Under the Family and Medical Leave Act of 1993 (FMLA), public agencies and employers with at least fifty employees are only required to give new parents twelve weeks of unpaid leave. Some states, however, have passed similar laws that may apply to women who aren’t given time off under the federal law. (Contact your state’s Department of Labor to figure out how much time your employer is required to provide for maternity leave.) Your firm, like Jennifer Share’s, may also opt to provide you with a longer maternity leave.
Now for the bad news. If you’re like the 45 percent of workers who receive a paycheck from a small company with fewer than fifty employees, you won’t fall under the protection of the FMLA. That means you aren’t entitled to twelve weeks off to recover from the birth itself and bond with your baby. But if your company has at least fifteen employees, your boss must offer you the same insurance and any other support it provides other workers with medical or disability leave under the Pregnancy Discrimination Act.
How Much Money You Can Expect During Your Leave
The most important question most families have is how much Mom will get paid during her maternity leave. Unfortunately, the federal law ? doesn’t require employers to pay you anything during your time off. Many companies, however, do have short-?term disability insurance for their employees. If that’s the case, you can probably count on six weeks of disability for a vaginal delivery or eight weeks for a cesarean, plus any accrued vacation you’ve already earned. In some cases you may also be able to tap into your sick days.
Sounds pretty good, right? Before you decide to skip this chapter thinking you won’t need to save any money before the baby arrives, realize that there’s a slim chance disability pay will mirror your regular paycheck. That’s because most disability payments are capped at between 50 percent and 60 percent of your salary.
If you’re adopting or fostering a child, you won’t see any disability checks or sick leave.
So what will this mean for your budget? Let’s say you get six weeks of disability payments, at
50 percent of your regular salary, and two weeks of paid vacation. That works out to the equivalent of a full paycheck for just five weeks. If you get three months off, you’ll have to find a way to cover your expenses for the next seven weeks without Mom’s income.
Contact your human resources department to find out exactly how much money you’ll pull in during your leave and to get all the paperwork needed to apply for disability benefits. Your employer cannot fill out the forms on your behalf.
Saving for Your Maternity Leave
My very generous employer allowed six months off for maternity leave, and I fortunately did not have to worry about money during the first two months. That’s because money was still coming in the door thanks to my disability insurance and
vacation—but I still had four months without any income that I needed to plan for.
Looking back, it was relatively easy to stash away at least part of the money we needed without even trying. While I was pregnant, I followed my doctor’s orders and skipped drinks with colleagues after work. On the weekends, I was simply too tired to socialize as much as I used to. And once our daughter arrived, our social calendar came to a standstill. We didn’t go out to eat or spend any money on entertainment for at least four months, other than the occasional Chinese takeout and Netflix DVDs.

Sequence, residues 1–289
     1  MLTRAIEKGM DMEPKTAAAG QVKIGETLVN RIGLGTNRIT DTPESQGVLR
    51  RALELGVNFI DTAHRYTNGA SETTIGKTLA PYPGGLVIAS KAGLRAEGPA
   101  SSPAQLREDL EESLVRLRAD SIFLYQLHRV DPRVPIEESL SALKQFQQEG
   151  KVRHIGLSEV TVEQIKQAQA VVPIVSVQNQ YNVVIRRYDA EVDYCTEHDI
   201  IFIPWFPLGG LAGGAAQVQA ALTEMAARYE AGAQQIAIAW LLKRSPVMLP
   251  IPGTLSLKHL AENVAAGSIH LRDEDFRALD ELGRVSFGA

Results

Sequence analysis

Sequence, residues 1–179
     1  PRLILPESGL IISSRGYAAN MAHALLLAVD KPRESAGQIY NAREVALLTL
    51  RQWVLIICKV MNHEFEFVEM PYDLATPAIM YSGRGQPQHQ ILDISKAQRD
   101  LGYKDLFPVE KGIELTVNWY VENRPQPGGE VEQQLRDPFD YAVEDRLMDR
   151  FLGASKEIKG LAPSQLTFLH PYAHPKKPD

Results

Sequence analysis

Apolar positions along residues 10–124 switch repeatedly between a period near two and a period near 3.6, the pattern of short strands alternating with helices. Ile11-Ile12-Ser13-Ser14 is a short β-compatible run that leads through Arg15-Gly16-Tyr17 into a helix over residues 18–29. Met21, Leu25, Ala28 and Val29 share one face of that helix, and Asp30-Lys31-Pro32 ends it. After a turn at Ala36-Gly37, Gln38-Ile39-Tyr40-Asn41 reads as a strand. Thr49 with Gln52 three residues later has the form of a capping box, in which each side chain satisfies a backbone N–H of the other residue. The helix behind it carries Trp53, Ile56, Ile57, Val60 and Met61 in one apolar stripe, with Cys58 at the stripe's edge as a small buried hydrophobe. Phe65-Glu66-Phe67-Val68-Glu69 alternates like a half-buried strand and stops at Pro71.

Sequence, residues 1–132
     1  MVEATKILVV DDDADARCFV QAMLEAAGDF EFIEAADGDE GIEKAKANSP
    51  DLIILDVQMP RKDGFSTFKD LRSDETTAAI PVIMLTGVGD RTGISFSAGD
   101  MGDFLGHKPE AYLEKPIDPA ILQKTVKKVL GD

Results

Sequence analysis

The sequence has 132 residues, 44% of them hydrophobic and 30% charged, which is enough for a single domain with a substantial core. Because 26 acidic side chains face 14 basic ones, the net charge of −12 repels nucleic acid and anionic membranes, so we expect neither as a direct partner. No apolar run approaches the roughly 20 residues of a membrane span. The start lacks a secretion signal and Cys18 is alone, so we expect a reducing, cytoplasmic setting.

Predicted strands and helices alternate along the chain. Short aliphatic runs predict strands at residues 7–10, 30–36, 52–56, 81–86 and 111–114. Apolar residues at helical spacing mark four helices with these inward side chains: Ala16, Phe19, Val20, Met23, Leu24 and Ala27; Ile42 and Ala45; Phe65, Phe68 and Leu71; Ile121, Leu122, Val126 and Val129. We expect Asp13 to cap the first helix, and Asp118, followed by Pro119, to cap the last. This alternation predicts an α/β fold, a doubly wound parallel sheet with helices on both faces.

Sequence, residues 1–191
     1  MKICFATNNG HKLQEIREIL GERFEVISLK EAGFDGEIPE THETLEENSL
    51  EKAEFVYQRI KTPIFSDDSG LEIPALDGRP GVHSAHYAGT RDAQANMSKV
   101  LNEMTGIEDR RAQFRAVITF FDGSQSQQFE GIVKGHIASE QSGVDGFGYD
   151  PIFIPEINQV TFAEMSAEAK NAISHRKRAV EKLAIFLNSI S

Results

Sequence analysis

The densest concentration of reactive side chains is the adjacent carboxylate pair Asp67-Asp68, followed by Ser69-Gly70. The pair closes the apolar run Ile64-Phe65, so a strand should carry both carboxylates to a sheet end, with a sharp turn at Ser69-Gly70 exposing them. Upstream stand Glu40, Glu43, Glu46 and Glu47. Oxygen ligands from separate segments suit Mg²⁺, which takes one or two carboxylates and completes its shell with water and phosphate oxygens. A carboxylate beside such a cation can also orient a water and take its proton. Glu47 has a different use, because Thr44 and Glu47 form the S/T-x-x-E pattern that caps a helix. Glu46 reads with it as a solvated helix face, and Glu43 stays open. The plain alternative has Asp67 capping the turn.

Still, social hibernation alone probably won’t save you enough to entirely make up for that lost paycheck. You’ll need to be more proactive and somehow find ways to save money and set it aside for when the baby arrives. Saving for maternity leave is also just the beginning, and many of the steps you take now to afford the time off will also pay off after your baby is born. If you’re having trouble figuring out how to save enough for maternity leave, maybe you need to take more drastic measures that will enable you to better afford your new bundle of joy once she arrives.
Remember the Shares? The first time around they managed to slash their budget by cutting back on frivolous shopping and entertainment. A few years later, when Jennifer was about to give birth to their third and fourth children (twin girls), they realized they needed to find more extreme ways to afford the cost of raising four kids. They decided to sell their house near the New Jersey shore and move to a cheaper neighborhood, decreasing their mortgage payment by $400 a month. They also bought a less expensive SUV, lowering their car payment by $60 a month.
There are literally hundreds of ways to save money. Here are just a few tips to help you get started and build up a reserve fund before your maternity leave. (See the full “Money-?Saving Tips for Every Stage” guide at the end of the book for more ideas on how to cut back your child-?related expenses.)
•Consolidate your debt. Don’t waste money on high-interest-rate credit cards. Instead, transfer your balances to a zero-percent or low-interest-rate card and then aggressively work toward paying off what you owe. This will help free up cash flow both during maternity leave and after baby arrives.
•Cut back on eating out. You can easily slash your spending by doing some simple things like bringing your lunch to work (if you save $3 a day, that will total $60 a month) or drinking the office decaf instead of splurging on a $3.50 cup of joe from Starbucks ($70 a month).
•Downsize your entertainment costs. Skip your weekly trip to the movie theater and rent a DVD instead and you can save up to $70 a month. When that’s not enough, get creative and consider inviting friends over for game night rather than dining out at an expensive restaurant.
•Audit your utilities and other household bills. While nesting, make a list of household services, such as premium cable channels, that you’re not using and cancel them. Consider dropping your landline and relying solely on your cell phone. If you want to keep your home phone, check out consumer Web sites such as LowerMyBills.com or MyRatePlan. com to see if there is a better service plan for you. You can even save hundreds a year by reducing your energy costs if you seal leaky windows and use Energy Star appliances.